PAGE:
LONDON (Reuters) - Nearly 41 percent of Britain’s small business community want to leave the European Union because they do not believe membership is beneficial for their companies, a survey has shown ahead of a referendum likely next year.
The research by the Federation of Small Businesses (FSB) found that 47 percent of members surveyed wanted to stay in the 28-member bloc while 10.7 percent of members were undecided.
Prime Minister David Cameron has promised to renegotiate Britain’s ties with the EU and then, by the end of 2017, hold a referendum on whether to stay in or leave. Most observers expect the vote to be held next year.
Many of those wanting to stay in the union, including the leaders of some of Britain’s biggest companies, have made their argument one of economics, saying Britain’s EU membership gives it access to open markets and millions of consumers.
However smaller firms have been more likely to complain about the amount of so-called “red tape” they face as part of the membership, such as business and health and safety regulations. The FSB said that only 41 percent felt informed about the vote from a business point of view.
“Regardless of what a firm’s current position is, there is a shared message that small businesses feel they lack clear, impartial information on which to form their views,” said Mike Cherry, FSB policy director.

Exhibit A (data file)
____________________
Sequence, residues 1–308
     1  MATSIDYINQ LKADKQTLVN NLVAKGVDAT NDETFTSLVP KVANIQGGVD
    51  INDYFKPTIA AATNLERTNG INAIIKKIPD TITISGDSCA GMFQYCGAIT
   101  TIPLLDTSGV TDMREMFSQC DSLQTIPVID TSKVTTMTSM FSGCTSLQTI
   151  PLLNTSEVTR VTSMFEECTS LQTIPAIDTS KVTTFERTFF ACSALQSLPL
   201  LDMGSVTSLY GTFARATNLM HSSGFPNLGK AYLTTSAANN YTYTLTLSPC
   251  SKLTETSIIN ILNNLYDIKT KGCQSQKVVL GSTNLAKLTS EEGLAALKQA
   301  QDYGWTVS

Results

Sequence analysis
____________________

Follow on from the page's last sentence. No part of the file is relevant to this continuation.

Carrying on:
According to the survey, those members who are most likely to vote to stay in are those who export and import to the EU, those who employ non-UK EU nationals and members based in Scotland, London and Northern Ireland. Women were also more likely to back membership than men.
Those members wanting Britain to leave the EU would instead like to see improved trade links with the rest of the world and with the EU and its member states. The FSB said it received responses from 6,263 of its members.
Two recent surveys of the British population have shown that the number of Britons wanting to stay in the EU has fallen since the government agreed to amend the wording of the question to be put to voters.
Reporting by Kate Holton; Editing by Alison Williams